Sexually Explicit Media Use by Sexual Identity: A Comparative Analysis of Gay, Bisexual, and Heterosexual Men in the United States
- 819 Downloads
Advances in production and distribution of sexually explicit media (SEM) online have resulted in widespread use among men. Limited research has compared contexts of use and behaviors viewed in Internet SEM by sexual identity. The current study examined differences in recent SEM use (past 6 months) by sexual identity among an ethnically diverse sample of 821 men who completed an online survey in 2015. Both gay and bisexual men reported significantly more frequent use of Internet SEM compared to heterosexual men. Although most participants reported viewing SEM at home (on a computer, tablet, or smartphone), significantly more gay men reported SEM use at a sex party or commercial sex venue than either heterosexual or bisexual men. Sexual identity predicted viewing of high-risk and protective behaviors in separate logistic regression models. Specifically, compared to heterosexual men, gay and bisexual men had increased odds of viewing condomless anal sex (gay OR 5.20, 95 % CI 3.35–8.09; bisexual OR 3.99, 95 % CI 2.24–7.10) and anal sex with a condom (gay OR 3.93, 95 % CI 2.64–5.83; bisexual OR 4.59, 95 % CI 2.78–7.57). Compared to gay men, heterosexual and bisexual men had increased odds of viewing condomless vaginal sex (heterosexual OR 27.08, 95 % CI 15.25–48.07; bisexual OR 5.59, 95 % CI 3.81–8.21) and vaginal sex with a condom (heterosexual OR 7.90, 95 % CI 5.19–12.03; bisexual OR 4.97, 95 % CI 3.32–7.44). There was also evidence of identity discrepant SEM viewing as 20.7 % of heterosexual-identified men reported viewing male same-sex behavior and 55.0 % of gay-identified men reported viewing heterosexual behavior. Findings suggest the importance of assessing SEM use across media types and contexts and have implications for research to address the potential influence of SEM on sexual behavior (e.g., investigate associations between viewing condomless vaginal sex and engaging in high-risk encounters with female partners).
KeywordsSexually explicit media Pornography Internet Sexual identity Sexual orientation
Compliance with Ethical Standards
Conflict of interest
This research was supported by a grant from the Foundation for the Scientific Study of Sexuality to Martin J. Downing, Jr., Ph.D. (no award number provided). The authors declare that they have no other conflicts of interest.
All procedures performed in studies involving human participants were in accordance with the ethical standards of the institutional and/or national research committee and with the 1964 Helsinki Declaration and its later amendments or comparable ethical standards.
Informed consent was obtained from all individual participants included in the study.
- Boies, S. C. (2002). University students’ uses of and reactions to online sexual information and entertainment: Links to online and offline sexual behaviour. Canadian Journal of Human Sexuality, 11, 77–89.Google Scholar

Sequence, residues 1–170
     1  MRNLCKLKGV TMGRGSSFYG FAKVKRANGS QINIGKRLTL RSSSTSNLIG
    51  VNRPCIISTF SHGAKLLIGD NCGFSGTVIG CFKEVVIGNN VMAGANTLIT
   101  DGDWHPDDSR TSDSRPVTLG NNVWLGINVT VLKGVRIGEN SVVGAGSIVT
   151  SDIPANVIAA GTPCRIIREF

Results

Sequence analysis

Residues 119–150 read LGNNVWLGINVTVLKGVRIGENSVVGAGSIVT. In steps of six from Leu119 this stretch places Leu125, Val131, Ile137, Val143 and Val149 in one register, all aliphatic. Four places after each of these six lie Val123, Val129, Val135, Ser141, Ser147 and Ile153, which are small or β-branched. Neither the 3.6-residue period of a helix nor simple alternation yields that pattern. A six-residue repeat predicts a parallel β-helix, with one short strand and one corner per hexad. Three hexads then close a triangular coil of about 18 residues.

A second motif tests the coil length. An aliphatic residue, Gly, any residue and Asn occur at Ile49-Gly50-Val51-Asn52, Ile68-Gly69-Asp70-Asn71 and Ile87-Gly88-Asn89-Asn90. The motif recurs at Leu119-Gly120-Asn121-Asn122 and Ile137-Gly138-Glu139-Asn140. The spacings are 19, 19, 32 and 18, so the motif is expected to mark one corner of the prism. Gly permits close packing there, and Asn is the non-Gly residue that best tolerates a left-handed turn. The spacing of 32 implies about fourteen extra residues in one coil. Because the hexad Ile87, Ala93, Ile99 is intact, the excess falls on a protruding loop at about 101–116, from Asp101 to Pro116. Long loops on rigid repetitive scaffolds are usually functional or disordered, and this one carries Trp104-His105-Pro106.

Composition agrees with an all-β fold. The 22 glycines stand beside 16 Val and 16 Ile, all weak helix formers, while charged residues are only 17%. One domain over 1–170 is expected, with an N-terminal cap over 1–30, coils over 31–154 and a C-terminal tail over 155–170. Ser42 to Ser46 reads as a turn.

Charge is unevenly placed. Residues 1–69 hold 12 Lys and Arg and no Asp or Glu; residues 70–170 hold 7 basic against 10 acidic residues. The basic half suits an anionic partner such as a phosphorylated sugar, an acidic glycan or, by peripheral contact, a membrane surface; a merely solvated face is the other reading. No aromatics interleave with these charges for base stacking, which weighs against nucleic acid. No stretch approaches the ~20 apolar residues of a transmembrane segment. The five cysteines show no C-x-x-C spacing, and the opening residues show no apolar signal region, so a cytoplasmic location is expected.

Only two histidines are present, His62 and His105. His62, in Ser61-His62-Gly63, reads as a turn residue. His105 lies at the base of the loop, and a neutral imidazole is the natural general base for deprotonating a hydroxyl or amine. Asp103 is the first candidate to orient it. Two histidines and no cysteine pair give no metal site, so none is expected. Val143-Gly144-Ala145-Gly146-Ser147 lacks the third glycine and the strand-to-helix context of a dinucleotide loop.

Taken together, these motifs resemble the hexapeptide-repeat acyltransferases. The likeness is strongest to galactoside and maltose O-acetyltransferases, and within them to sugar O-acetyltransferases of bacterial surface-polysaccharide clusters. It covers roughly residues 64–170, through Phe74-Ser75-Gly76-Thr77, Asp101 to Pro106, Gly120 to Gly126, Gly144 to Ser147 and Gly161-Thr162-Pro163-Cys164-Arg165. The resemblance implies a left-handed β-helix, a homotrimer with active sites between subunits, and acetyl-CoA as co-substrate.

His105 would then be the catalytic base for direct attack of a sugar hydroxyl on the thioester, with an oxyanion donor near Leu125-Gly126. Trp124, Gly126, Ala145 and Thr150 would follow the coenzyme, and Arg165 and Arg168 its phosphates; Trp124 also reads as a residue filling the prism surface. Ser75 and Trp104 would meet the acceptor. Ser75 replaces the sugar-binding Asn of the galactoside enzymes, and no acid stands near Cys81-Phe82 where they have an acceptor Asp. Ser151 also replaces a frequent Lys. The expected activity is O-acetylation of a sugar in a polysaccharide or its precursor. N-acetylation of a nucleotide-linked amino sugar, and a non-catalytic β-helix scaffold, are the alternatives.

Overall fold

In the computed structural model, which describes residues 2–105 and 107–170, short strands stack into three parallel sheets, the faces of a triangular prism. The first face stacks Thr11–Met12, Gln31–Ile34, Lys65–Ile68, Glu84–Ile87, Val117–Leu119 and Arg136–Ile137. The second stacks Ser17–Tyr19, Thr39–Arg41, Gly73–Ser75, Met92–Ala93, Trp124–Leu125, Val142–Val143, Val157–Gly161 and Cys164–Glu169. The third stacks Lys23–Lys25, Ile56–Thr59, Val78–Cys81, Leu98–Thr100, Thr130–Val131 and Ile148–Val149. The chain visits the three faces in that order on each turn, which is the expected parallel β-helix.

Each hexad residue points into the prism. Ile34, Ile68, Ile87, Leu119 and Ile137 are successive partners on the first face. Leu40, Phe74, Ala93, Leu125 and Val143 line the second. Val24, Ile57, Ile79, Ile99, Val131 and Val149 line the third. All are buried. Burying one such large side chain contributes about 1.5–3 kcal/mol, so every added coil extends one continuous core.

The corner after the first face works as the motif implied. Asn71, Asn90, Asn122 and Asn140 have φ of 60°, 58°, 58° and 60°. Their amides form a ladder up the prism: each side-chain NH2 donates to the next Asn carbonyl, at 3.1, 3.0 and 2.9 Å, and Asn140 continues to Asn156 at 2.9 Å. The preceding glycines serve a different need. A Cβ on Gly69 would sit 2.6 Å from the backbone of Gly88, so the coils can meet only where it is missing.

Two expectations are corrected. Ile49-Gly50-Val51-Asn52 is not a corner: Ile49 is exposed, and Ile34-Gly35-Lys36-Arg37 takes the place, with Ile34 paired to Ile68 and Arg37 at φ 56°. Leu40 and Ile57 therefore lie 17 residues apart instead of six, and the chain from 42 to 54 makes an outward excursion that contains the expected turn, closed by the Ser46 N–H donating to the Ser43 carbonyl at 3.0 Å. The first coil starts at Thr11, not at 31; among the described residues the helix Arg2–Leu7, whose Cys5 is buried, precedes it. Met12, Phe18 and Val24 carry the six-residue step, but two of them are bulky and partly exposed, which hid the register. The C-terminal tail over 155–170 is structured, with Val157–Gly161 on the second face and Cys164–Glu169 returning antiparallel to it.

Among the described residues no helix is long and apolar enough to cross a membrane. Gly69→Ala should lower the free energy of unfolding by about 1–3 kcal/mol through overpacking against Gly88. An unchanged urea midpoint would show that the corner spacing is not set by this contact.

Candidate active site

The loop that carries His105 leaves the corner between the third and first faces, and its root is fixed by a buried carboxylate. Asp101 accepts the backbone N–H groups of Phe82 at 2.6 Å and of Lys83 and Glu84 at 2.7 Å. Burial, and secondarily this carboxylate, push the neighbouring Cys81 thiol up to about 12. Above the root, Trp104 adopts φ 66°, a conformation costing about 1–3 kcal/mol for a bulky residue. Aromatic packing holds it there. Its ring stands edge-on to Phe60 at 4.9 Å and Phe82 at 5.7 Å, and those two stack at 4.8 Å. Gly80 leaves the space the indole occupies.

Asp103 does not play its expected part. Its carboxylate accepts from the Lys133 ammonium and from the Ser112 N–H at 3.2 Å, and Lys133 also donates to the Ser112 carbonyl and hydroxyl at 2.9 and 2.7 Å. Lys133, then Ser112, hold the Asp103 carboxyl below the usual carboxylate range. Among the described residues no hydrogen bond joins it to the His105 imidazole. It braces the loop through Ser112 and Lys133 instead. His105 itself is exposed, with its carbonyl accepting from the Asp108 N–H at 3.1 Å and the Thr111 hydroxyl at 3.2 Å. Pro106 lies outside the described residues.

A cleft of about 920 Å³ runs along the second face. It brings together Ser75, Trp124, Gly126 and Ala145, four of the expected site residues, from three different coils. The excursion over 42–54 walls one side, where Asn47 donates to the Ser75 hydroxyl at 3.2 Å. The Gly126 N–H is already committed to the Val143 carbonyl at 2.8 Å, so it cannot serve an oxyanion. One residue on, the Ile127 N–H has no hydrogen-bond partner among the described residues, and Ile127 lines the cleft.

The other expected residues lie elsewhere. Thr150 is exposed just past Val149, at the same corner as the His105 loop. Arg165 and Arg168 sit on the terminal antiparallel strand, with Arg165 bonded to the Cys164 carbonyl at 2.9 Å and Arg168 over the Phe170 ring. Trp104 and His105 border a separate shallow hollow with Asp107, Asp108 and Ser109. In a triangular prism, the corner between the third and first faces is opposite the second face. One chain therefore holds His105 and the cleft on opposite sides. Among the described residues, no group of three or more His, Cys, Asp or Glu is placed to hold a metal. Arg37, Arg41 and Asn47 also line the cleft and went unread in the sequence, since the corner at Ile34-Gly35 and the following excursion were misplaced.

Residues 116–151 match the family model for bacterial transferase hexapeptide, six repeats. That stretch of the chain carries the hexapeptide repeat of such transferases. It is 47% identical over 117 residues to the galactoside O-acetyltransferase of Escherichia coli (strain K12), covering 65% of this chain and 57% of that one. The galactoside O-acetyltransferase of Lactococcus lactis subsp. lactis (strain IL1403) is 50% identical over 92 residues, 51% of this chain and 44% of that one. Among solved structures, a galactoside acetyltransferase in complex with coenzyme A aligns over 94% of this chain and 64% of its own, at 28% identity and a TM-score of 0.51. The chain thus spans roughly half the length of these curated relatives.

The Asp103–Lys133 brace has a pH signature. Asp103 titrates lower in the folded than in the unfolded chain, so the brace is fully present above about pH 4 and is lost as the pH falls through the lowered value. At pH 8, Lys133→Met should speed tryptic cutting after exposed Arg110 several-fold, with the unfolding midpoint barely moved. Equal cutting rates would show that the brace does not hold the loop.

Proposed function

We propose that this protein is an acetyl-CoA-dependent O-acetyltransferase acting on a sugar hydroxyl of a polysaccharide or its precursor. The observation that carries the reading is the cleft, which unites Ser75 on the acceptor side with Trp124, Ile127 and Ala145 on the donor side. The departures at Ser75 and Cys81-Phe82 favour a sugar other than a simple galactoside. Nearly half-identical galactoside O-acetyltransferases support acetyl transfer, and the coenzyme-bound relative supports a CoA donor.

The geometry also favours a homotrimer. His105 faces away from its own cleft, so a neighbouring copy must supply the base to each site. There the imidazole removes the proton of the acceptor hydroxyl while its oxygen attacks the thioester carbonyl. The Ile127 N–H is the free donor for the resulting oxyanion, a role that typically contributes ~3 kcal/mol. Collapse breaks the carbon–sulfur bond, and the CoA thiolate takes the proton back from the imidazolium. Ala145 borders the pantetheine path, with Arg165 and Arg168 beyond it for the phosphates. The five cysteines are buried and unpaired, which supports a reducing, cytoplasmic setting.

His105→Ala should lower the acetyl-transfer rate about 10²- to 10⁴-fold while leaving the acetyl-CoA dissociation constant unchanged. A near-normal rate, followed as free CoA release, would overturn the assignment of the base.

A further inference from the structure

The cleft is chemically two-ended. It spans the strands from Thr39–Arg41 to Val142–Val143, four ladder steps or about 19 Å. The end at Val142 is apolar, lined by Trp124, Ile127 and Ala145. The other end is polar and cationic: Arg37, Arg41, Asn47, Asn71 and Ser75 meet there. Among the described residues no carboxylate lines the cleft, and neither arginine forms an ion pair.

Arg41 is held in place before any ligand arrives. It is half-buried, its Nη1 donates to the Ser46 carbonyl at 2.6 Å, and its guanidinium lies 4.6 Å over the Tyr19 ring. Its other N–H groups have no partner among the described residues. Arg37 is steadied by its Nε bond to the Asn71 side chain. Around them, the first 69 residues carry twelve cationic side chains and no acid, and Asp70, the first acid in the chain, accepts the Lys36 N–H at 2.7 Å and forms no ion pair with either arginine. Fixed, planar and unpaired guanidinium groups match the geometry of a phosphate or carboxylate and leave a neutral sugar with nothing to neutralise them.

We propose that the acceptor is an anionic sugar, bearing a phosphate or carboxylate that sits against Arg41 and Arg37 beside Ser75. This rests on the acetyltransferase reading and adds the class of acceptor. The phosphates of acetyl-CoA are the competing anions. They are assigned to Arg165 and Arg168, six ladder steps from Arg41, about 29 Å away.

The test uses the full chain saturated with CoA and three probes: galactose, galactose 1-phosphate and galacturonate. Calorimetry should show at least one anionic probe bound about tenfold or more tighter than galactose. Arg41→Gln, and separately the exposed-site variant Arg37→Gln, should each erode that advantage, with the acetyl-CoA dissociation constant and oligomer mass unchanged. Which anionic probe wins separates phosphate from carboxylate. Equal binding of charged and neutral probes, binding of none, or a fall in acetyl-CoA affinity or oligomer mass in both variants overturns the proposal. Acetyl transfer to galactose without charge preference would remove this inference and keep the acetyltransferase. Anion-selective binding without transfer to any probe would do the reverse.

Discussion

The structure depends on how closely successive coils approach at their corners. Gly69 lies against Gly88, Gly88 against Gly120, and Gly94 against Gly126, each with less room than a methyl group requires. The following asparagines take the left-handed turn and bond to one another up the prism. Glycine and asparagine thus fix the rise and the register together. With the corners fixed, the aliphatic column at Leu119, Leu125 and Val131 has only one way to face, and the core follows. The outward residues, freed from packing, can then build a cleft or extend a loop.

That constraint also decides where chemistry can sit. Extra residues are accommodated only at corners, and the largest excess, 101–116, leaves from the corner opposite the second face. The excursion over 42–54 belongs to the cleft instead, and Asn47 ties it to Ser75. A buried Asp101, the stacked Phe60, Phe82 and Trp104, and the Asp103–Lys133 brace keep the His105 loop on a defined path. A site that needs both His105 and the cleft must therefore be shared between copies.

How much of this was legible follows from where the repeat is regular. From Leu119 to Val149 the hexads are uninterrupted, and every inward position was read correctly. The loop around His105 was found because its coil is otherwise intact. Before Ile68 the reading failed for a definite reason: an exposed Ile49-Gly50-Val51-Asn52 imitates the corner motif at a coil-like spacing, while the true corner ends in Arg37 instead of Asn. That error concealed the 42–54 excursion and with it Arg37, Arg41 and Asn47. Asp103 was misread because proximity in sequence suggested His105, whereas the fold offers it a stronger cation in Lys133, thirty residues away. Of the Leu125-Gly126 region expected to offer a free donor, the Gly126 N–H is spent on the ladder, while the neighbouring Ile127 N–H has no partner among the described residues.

- Dodge, B., Schnarrs, P. W., Reece, M., Martinez, O., Goncalves, G., Malebranche, D., … Fortenberry, J. D. (2012). Individual and social factors related to mental health concerns among bisexual men in the Midwestern United States. Journal of Bisexuality, 12, 223–245.CrossRefPubMedPubMedCentralGoogle Scholar
- Escoffier, J. (2009). Bigger than life: The history of gay porn cinema from beefcake to hardcore. Philadephia: Running Press Book Publishers.Google Scholar
- Griffith, J. D., Adams, L. T., Hart, C. L., Mitchell, S., Kruger, A., Phares, B., … Finkenbinder, A. (2012). Pornography actors: A qualitative analysis of motivations and dislikes. North American Journal of Psychology, 14(2), 245–256.Google Scholar
- Kinser, J. (2014). Michael Lucas explains his controversial decision to make condom-free adult films. Retrieved June 8, 2014 from http://www.queerty.com/michael-lucas-explains-his-controversial-decision-to-make-condom-free-adult-films-20140331.
- Kuchment, A., & Springen, K. (2008). The tangled web of porn in the office. Newsweek, 152(23), 14.Google Scholar
- Nichols, J. S. (2011). Let’s talk about sex blog. Retrieved June 8, 2014 from http://ltasex.info/home/2011/4/25/paul-morris-treasure-island-medias-maverick-sets-the-record.html.
- Perrin, P. C., Madanat, H. N., Barnes, M. D., Carolan, A., Clark, R. B., Ivins, N., … Williams, P. N. (2008). Health education’s role in framing pornography as a public health issue: Local and national strategies with international implications. Promotion and Education, 15(1), 11–18.CrossRefPubMedGoogle Scholar
- Rosser, B. R. S., Grey, J. A., Wilkerson, J. M., Iantaffi, A., Brady, S. S., Smolenski, D. J., & Horvath, K. J. (2012). A commentary on the role of sexually explicit media (SEM) in the transmission and prevention of HIV among men who have sex with men (MSM). AIDS and Behavior, 16(6), 1373–1381.CrossRefPubMedPubMedCentralGoogle Scholar
- Schnarrs, P. W., Dodge, B., Reece, M., Goncalves, G., Martinez, O., Pol, B. V., … Fortenberry, J. D. (2012). Subjective sexual experiences of behaviorally bisexual men in the midwestern United States: Sexual attraction, sexual behaviors and condom use. Journal of Bisexuality, 12, 246–282.CrossRefPubMedPubMedCentralGoogle Scholar
- TrafficJunky Media Kit. (2015). Retrieved May 10, 2016 from http://www.trafficjunky.net.
- Wilkerson, J. M., Iantaffi, A., Smolenski, D. J., Brady, S. S., Horvath, K. J., Grey, J. A., & Rosser, B. R. S. (2012). The SEM risk behavior (SRB) model: A new conceptual model of how pornography influences the sexual intentions and HIV risk behavior of MSM. Sexual and Relationship Therapy, 27(3), 217–230.CrossRefPubMedPubMedCentralGoogle Scholar